Tax cuts are justified, given the low budget deficit and revenue surpluses, senior Ministry of Finance officials said today. At this stage, the Ministry of Finance does not plan to follow the Bank of Israel's example by lowering its 2016 growth forecast, although it does admit that uncertainty about meeting next year's growth targets has increased.
According to the revised forecasts by the Bank of Israel Research Department, the economy is expected to grow only 2.8% in 2016, compared with its previous 3.1% growth forecast.
Initial estimates by the Ministry of Finance show a 2015 budget deficit of 2.3%-2.4%, 0.5% less than the planned 2.9% 2015 budget deficit approved only last month. The natural explanation for the low budget deficit is the fact that a temporary budget that enforced fiscal restraint was in effect until November 19. The Ministry of Finance rejects this assertion, saying that government spending for 2015 will almost reach the legal ceiling of NIS 330 billion. The Ministry of Finance attributes the low budget deficit to tax receipts in excess of the forecasts, projecting tax receipts of NIS 270 billion, NIS 3.5 billion above the revised forecasts by the Ministry of Finance chief economist.
The Ministry of Finance plans to transfer NIS 2.1 billion of this surplus to the defense budget, instead of using it to repay debt. Nevertheless, economists believe that the Minisry of Finance retains enough of a surplus to enable it to reduce Israel's ratio of debt to GDP by 0.3%-0.5%. The decline in the debt-to-GDP ratio, which has been continuous since 2009, is regarded as a key consideration in the international rating agencies' decision not to lower Israel's credit rating, despite the decline in its economic performance.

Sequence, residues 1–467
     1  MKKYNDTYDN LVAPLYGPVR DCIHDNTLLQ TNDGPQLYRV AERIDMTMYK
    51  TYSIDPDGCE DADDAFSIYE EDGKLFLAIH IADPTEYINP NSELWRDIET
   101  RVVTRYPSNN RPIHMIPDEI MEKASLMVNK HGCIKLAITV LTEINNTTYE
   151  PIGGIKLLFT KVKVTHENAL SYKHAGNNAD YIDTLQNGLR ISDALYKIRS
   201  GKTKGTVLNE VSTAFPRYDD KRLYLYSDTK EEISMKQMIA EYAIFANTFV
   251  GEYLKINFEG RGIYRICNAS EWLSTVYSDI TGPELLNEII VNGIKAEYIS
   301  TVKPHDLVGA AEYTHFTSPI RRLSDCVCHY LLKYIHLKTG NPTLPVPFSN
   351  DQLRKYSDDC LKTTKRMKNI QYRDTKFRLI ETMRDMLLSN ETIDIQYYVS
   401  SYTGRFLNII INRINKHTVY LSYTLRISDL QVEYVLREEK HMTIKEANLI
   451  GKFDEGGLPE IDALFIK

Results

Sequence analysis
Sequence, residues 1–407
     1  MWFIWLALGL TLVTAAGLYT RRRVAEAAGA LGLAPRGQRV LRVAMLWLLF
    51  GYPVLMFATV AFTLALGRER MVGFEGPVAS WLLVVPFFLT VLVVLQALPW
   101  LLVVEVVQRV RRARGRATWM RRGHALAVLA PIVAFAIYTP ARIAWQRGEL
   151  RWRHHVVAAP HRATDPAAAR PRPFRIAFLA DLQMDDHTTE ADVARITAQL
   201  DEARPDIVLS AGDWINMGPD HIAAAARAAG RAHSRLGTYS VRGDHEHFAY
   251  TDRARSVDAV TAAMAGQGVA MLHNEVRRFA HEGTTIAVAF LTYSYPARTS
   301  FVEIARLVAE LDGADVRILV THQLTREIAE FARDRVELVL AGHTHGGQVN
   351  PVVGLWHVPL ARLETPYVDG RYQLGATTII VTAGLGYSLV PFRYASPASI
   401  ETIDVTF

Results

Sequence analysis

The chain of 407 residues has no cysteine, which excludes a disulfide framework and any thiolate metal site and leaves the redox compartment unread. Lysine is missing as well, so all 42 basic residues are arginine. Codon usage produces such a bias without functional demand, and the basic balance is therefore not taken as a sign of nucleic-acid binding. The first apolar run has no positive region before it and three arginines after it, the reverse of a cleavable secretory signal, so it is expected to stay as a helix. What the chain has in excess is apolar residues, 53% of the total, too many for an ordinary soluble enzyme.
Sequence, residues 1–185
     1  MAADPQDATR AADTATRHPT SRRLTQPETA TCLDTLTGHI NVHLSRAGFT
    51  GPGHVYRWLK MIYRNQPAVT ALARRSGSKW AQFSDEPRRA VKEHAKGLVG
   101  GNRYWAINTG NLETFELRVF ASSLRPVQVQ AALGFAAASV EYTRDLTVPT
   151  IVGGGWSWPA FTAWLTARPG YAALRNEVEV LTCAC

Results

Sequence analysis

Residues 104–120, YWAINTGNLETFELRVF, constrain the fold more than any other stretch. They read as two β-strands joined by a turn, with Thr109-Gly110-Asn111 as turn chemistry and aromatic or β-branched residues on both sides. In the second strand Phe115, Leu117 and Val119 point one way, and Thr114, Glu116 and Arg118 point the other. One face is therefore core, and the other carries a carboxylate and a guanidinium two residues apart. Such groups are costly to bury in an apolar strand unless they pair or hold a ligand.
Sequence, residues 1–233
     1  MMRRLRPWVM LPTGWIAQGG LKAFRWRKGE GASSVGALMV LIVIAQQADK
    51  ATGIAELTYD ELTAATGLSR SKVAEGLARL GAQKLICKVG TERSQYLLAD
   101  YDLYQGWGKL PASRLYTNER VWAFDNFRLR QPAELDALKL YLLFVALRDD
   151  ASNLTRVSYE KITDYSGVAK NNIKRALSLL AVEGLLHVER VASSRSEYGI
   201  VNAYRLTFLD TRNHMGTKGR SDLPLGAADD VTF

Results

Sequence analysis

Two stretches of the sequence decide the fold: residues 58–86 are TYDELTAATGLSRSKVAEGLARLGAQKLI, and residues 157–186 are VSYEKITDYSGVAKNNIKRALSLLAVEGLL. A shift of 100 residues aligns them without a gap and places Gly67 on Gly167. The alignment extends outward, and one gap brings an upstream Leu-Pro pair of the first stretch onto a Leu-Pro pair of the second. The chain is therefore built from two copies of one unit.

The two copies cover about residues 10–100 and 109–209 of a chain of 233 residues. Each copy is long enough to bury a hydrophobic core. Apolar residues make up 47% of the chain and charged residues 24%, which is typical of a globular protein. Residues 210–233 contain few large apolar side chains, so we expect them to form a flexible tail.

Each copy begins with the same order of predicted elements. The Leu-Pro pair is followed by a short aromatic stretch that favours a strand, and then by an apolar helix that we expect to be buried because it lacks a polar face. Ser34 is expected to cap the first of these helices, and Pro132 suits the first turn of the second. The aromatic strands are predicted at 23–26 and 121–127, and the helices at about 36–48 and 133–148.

Most of the increase in state tax revenues in 2015 comes from direct (income) taxes. The Ministry of Finance attributes this to the Israel Tax Authority's success in combating unreported income and collecting more taxes resulting from the voluntary disclosure process and the exposure of owners of foreign bank accounts in Switzerland. The moderate rise in revenues from indirect (consumption) taxes, on the other hand, indicates slow economic growth.
Tax cuts will cost NIS 5 billion
Senior Ministry of Finance officials said today that the tax cuts initiated by Kahlon during the summer were justified. The 1% cut in VAT, which became effective on October 1, was calculated to cost the state NIS 1.3 billion in revenue. A 1.5% corporate tax cut is slated for January 1. These two tax cuts, which are designed to encourage growth, will cut 2016 tax revenues by NIS 5 billion.
The Ministry of Finance opposed Prime Minister Benjamin Netanyahu's plan to introduce a two-year budget for 2017-2018, reported exclusively in "Globes." The Ministry of Finance plans to go ahead with the budget approval processes according to the usual timetable, and to present the budget to the cabinet during the summer, while Netanyahu wants to bring it forward to the spring.
Published by Globes [online], Israel business news - www.globes-online.com - on December 30, 2015
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